The NHS is under the cosh of structural reform yet again. This tends to be a time when developing external relationships takes a back seat. Not so now. Indeed, the new NHS's main potential partner is not simply social services but local government as a whole.
Yet the pace and scale of reform is immense here too, and may not be widely understood in the NHS. A prerequisite to effective joint working is understanding respective roles and responsibilities, but this is no longer straightforward in local government.
It all seemed simple in the old days. Local authorities delivered services as required by national legislation, in a structure focusing on committees and departments with specific service responsibilities. Authorities were assumed to be self-sufficient in discharging these responsibilities, while services were uniformly provided and directly controlled. Accountability was upwards to officers and councillors rather than outwards to service users, whose role was to exercise periodic judgement at the ballot box.
This world has long since changed and looks set to change even more, with important implications for the NHS. Local government's role as direct service provider has continued to diminish over the past decade, gradually moving away in turn from manual work, leisure and housing management, then from a wide range of professional services - a dismantling of in- house activity which the NHS has been spared. The Blair government has brought no relief - quite the opposite, with new requirements on best value and, for social services, financial penalties for directly providing residential care.
But while it may have been good enough under the Conservatives for a local authority to get arm's-length agencies, especially the private sector, to provide what had traditionally been directly provided, there is now an additional requirement: to engage with the agenda of local governance.
This is taken to mean a vision of local authorities beyond mere service organisation and delivery, embracing a concern with the locality's well- being - a remit which by implication involves a whole complex of organisations, not least those in the NHS. The proposals in the white paper, Modern Local Government: in touch with the people, to provide councils with clear discretionary powers to engage in partnership with any other local bodies, and to impose a statutory duty to promote an area's economic, social and environmental well-being, are part of this new focus.
The traditional system simply cannot meet these demands, so talk of a 'Berlin wall' between the NHS and social services is the language of a disappearing era. In a recent poll, almost half the 1,000 social services professionals asked thought social services departments would disappear in less than five years, and a further 30 per cent gave them less than 10 years. But if localised departmentalism is yesterday's system, what will tomorrow's look like? Two imperatives will dominate - corporatism and regionalism.
Any system of government has to be divided into parts, but an effective system has to recognise the need for integration as well as differentiation. A range of strategic and planning activities - community care plans, children's services plans, early years plans, joint investment plans, health improvement programmes - now require a multi-agency response, and some see the need for corresponding structures, such as the inclusion of social services in primary care trust arrangements.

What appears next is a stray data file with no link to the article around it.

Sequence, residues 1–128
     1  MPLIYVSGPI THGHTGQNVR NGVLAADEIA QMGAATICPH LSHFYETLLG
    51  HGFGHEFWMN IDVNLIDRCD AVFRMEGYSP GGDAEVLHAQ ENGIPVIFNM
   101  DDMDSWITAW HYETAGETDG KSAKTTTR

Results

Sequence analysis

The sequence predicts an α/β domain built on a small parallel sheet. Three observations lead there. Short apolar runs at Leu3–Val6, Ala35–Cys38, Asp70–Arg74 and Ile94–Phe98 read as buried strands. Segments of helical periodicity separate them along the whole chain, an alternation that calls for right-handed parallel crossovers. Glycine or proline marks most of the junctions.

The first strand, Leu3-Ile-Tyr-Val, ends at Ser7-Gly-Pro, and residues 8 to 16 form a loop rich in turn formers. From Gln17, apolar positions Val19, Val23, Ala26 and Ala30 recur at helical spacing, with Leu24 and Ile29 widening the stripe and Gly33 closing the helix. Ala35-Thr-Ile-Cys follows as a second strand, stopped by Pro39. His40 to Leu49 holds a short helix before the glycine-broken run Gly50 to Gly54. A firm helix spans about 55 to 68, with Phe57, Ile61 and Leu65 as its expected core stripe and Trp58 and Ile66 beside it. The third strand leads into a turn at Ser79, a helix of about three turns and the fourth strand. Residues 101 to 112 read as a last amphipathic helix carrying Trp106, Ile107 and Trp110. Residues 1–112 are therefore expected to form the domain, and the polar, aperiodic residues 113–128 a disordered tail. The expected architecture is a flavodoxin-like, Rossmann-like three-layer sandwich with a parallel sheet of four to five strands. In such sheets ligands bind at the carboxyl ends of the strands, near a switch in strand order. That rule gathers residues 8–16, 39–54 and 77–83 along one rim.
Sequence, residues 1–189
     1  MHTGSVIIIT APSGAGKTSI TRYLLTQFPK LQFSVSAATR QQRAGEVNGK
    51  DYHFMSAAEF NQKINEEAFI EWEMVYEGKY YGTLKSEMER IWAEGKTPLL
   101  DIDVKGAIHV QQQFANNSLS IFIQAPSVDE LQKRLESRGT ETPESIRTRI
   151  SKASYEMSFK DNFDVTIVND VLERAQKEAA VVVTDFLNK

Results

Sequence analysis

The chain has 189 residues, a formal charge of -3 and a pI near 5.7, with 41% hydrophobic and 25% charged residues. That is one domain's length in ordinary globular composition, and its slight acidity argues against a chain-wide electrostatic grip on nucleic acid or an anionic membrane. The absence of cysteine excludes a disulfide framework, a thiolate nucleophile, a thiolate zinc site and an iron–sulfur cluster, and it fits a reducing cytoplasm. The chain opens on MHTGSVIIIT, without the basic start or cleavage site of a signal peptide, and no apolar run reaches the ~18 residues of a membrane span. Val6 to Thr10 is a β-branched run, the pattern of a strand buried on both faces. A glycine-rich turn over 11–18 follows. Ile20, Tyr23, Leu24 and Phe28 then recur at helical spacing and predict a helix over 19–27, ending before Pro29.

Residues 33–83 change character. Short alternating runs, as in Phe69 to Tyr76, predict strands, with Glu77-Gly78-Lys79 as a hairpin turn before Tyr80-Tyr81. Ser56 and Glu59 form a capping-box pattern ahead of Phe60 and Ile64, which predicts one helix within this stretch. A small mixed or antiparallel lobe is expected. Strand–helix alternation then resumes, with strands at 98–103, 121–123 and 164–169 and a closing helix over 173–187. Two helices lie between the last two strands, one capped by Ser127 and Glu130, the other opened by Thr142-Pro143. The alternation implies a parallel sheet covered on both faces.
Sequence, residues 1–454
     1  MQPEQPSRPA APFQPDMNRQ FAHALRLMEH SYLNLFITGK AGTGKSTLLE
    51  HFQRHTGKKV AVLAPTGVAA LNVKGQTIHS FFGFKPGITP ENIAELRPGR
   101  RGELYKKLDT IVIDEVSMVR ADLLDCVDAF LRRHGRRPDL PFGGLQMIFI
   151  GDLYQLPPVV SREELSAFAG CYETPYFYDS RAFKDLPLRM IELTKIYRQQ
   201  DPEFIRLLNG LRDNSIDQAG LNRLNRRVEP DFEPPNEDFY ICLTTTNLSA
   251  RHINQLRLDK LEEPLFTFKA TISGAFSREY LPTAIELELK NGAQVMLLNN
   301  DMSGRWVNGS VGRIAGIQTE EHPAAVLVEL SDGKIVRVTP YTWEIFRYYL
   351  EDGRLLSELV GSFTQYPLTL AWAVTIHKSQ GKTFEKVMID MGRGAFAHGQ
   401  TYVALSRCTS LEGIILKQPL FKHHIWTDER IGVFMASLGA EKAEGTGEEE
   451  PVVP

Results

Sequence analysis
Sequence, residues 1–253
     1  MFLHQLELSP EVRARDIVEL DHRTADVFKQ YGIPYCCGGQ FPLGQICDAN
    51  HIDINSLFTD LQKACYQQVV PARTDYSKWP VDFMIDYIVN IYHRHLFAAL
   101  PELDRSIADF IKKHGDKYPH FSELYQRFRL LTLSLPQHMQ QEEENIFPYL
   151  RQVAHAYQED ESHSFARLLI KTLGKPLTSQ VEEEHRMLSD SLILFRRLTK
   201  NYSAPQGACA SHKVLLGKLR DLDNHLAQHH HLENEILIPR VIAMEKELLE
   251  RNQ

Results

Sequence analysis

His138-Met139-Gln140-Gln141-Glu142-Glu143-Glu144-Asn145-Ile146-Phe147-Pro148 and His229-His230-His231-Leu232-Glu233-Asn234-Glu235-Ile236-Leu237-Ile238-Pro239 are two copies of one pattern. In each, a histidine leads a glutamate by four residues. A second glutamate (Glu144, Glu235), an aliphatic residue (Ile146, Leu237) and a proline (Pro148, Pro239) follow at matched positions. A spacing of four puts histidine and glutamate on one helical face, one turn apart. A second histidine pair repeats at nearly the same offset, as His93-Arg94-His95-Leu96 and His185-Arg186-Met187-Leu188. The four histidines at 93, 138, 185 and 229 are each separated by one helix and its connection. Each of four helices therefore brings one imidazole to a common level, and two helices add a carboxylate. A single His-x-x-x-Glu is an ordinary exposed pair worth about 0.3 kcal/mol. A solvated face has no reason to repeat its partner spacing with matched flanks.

Many councils are combining various functions in new super-directorates which cut across traditional boundaries - for example, children's services with education or social services with housing and environmental issues. These arrangements will be catalysed by the government's push for either a directly elected mayor or sleek cabinets of leading councillors instead of the unwieldy committee system. At a stroke, social services departments will become part of the new-look corporate approach to council services, with priority setting across departments. After a mere 30 years, the Seebohm settlement is dead.
As councils adapt or not to the new agenda, a final shift is waiting in the wings - towards regional governance. The trend began in 1994 when the Conservatives established the government offices for the regions, drawing together environment, transport, education, employment and industry functions under a single senior civil servant.
In England this has been followed by the recent creation of regional development agencies, with budgets of more than£1bn, and by regional chambers - two bodies with an uneasy relationship. The former are mainly business-led, while the latter are largely staffed by councillors. While the RDA has to take account of the chamber's views, it does not necessarily have to act on them.
The real issue with regional chambers is the extent to which they are a stepping stone to devolution, particularly the more powerful Scottish model.
If existing local authorities are to work effectively in this milieu, they will need to speak with a single voice, if only to avoid the new regional institutions threatening to take over roles and responsibilities better left to more local bodies.
One lesson from joint working between health and social services is that budgets need to be aligned or pooled before partnership is taken seriously. This remains the Achilles' heel of the new local governance, for while recent moves have locked councils, the NHS, housing agencies, the police and the private and voluntary sectors into locally based initiatives, flexible funding is still elusive. Meanwhile, NHS agencies are being urged to take their partners for the collaboration waltz. But which partners? And which waltz?
Bob Hudson is a senior research fellow at Leeds University's Nuffield Institute for Health.